Spain introduces new rental rules with more safeguards for tenants
Contract periods are extended, price hikes are contained, and evictions must first be notified with social services.
A new government decree regulating rentals in Spain went into effect in March 2019 after being approved by the Cabinet.
The measures introduced by the government of Prime Minister Pedro Sánchez, of the Socialist Party (PSOE), seek to improve protection for tenants at a time when affordable housing is becoming increasingly difficult to find.
The decree extends the duration of the rental contract from three to five years (or seven if the landlord is a company), and prevents annual rent increases of more than the consumer price index (CPI) within that period. The new rules do not put a cap on how much monthly rent a landlord can ask for, as the anti-austerity party Podemos had lobbied for.
Deputy Prime Minister Carmen Calvo said that the decree is “an action plan for an unacceptable situation,” adding that the measures will be particularly helpful for young people.
The main changes will only apply to new lease agreements signed on March 6th 2019 and later.
These are the key aspects of the decree:
The minimum length of a contract has been extended from three to five years (or seven if the landlord is a business). To provide greater stability for tenants, the period of tacit renewal has been extended from one to three years. After the mandatory renewal period, landlords must give four months’ notice to end the contract and tenants must give two. Previously, owners could give two months’ notice and tenants one.
Rent Increases limited to CPI…
While earlier contracts could establish their own provisions for annual reviews, the new decree prevents annual rent hikes of more than the consumer price index (CPI) within the contract period.
Price benchmark system… The decree introduces a state benchmark index for rental prices that will be used to follow changes in the market and help determine whether an asking price is adjusted to market realities. This index will provide the average price in any given part of Spain, and undergo annual reviews. The government has given itself to the end of 2019 to produce these figures.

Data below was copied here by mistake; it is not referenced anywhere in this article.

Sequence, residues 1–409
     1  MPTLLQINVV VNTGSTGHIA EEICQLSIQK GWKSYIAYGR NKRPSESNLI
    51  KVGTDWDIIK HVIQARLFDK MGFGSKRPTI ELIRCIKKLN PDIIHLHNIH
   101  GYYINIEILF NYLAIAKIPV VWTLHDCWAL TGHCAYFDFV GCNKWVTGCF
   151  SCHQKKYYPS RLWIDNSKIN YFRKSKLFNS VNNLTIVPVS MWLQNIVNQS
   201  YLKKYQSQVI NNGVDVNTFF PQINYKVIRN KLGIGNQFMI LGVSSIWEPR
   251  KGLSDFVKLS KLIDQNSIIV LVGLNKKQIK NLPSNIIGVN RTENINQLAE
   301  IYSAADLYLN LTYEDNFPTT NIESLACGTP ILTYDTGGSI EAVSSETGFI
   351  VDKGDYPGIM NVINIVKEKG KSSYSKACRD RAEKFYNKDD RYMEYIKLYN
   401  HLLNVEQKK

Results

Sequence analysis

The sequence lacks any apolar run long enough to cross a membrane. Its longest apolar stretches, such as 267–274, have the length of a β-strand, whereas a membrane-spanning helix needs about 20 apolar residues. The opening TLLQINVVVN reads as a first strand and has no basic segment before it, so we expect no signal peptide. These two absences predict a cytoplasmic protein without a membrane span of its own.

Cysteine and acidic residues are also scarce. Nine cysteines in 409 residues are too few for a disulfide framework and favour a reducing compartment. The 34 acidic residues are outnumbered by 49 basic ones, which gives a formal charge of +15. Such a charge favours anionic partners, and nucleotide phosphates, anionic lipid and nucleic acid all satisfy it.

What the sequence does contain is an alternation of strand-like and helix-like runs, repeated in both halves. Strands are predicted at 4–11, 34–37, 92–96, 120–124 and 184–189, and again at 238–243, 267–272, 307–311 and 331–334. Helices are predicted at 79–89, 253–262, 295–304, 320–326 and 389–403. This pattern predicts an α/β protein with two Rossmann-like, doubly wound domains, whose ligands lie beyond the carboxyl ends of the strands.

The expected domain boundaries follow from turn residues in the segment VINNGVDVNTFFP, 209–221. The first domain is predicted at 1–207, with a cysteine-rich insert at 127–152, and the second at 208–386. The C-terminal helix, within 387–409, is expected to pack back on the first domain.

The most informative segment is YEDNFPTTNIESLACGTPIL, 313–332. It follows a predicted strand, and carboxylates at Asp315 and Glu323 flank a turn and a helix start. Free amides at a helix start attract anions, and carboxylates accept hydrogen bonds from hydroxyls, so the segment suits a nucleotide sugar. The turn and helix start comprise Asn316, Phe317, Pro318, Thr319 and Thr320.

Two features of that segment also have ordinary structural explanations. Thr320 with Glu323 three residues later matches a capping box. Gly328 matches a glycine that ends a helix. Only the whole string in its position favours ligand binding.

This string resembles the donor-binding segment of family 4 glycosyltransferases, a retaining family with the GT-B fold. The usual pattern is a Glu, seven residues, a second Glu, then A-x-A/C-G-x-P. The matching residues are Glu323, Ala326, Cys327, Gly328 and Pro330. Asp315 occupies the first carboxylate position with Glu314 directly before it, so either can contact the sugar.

Limit on property costs…
In addition to a one-month deposit, property owners can only ask a tenant for additional guarantees equivalent to two months of rent. If the landlord is a legal entity, it must cover any real estate agency expenses.
More security for tenants…
The decree equally recognizes contracts registered with the Property Registry and those that have not been registered. In other words, if someone buys a property that is already rented out, they must respect the tenant’s lease agreement.
Evictions… All eviction processes will go through the social services first to determine whether a tenant is in a vulnerable situation. If so, the eviction process will be pushed back one month (three if the owner is a business) to help the tenant find a new place to stay. Judges must also communicate the exact date and time that the eviction will take place.
The decree says that a building’s apartment owners may collectively agree to place limits on the use of units for the purposes of tourist accommodation. This measure comes amid growing public debate over the impact of online services such as Airbnb on city centers and on the price of housing.
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